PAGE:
Dr Sankar: “Creating more awareness is the key. Awareness is a form of education. It can be created through newspapers, radio or television programmes, social media, talks, seminars, or workplaces organising talks about importance of mental health to their employees. Talking about it openly, with people sharing their stories, helps significantly. Discourage people from using words like “mad” or “crazy” to describe people with mental health issues.”

Initiative to raise awareness in schools

Dr Sankar strongly urges the removal of the stigma associated with pyschological issues among schoolchildren.

“The stigma associated with mental health issues is making children bully/tease their peers who need care and psychological support. The child with a mental health issue is probably coming from a culture/family where seeking psychological help is perceived as a weakness. These factors reinforce stigma.”

Dr Sankar offers advice on how to make it easier for children to seek help:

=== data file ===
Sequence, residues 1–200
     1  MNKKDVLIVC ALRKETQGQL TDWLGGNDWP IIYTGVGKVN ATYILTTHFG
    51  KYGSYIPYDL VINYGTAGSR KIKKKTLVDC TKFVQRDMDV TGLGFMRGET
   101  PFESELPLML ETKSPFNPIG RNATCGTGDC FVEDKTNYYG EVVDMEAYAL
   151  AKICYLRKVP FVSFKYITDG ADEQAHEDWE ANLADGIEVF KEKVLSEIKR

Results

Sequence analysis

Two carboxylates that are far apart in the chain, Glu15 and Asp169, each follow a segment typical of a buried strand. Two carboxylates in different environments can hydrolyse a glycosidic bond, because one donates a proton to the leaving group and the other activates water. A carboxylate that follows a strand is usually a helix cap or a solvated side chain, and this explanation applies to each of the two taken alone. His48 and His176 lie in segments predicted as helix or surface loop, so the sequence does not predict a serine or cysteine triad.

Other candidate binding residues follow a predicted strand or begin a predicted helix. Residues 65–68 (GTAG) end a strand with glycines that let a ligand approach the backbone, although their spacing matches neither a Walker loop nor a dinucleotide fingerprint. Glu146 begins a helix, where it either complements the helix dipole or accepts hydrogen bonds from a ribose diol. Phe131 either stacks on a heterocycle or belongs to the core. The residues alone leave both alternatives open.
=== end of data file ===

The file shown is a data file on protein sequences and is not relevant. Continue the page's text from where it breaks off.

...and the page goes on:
1) Encourage and appreciate children who are helping out/showing empathy to peers who experience mental health issues (behavioural problems, emotional problems, or problems associated with poor academic performance in school).

2) Recognise children who show empathy. Every school has to identify one person from each class. So, over the years, empathy and awareness become qualities to be admired. Chances are, over time, stigma fades. When a person understands that a peer is non-judgemental about their mental health issues they become more comfortable sharing their problem.

3) Schools should encourage children not to use derogatory words and phrases to describe children with mental health issues.

4) Schools should start initiatives in giving classes/showing short movies about mental health and community’s responsibility in helping a person with mental health issues to change the stereotyped image of the person with mental health issues. The themes should also include how words can hurt.

What are the common age groups and family profiles of people seeking help?

Adults stressed, and/or lacking support.

Parents seeking help for their children.

Married couples with children.

Couples going through marital discord and separation.

Singles for individual problems (adjustment, anxiety disorder, adult ADHD, depression, personality disorders).

Families where only one spouse is working.

(Dr Deepa Sankar and Dr Saliha Afridi)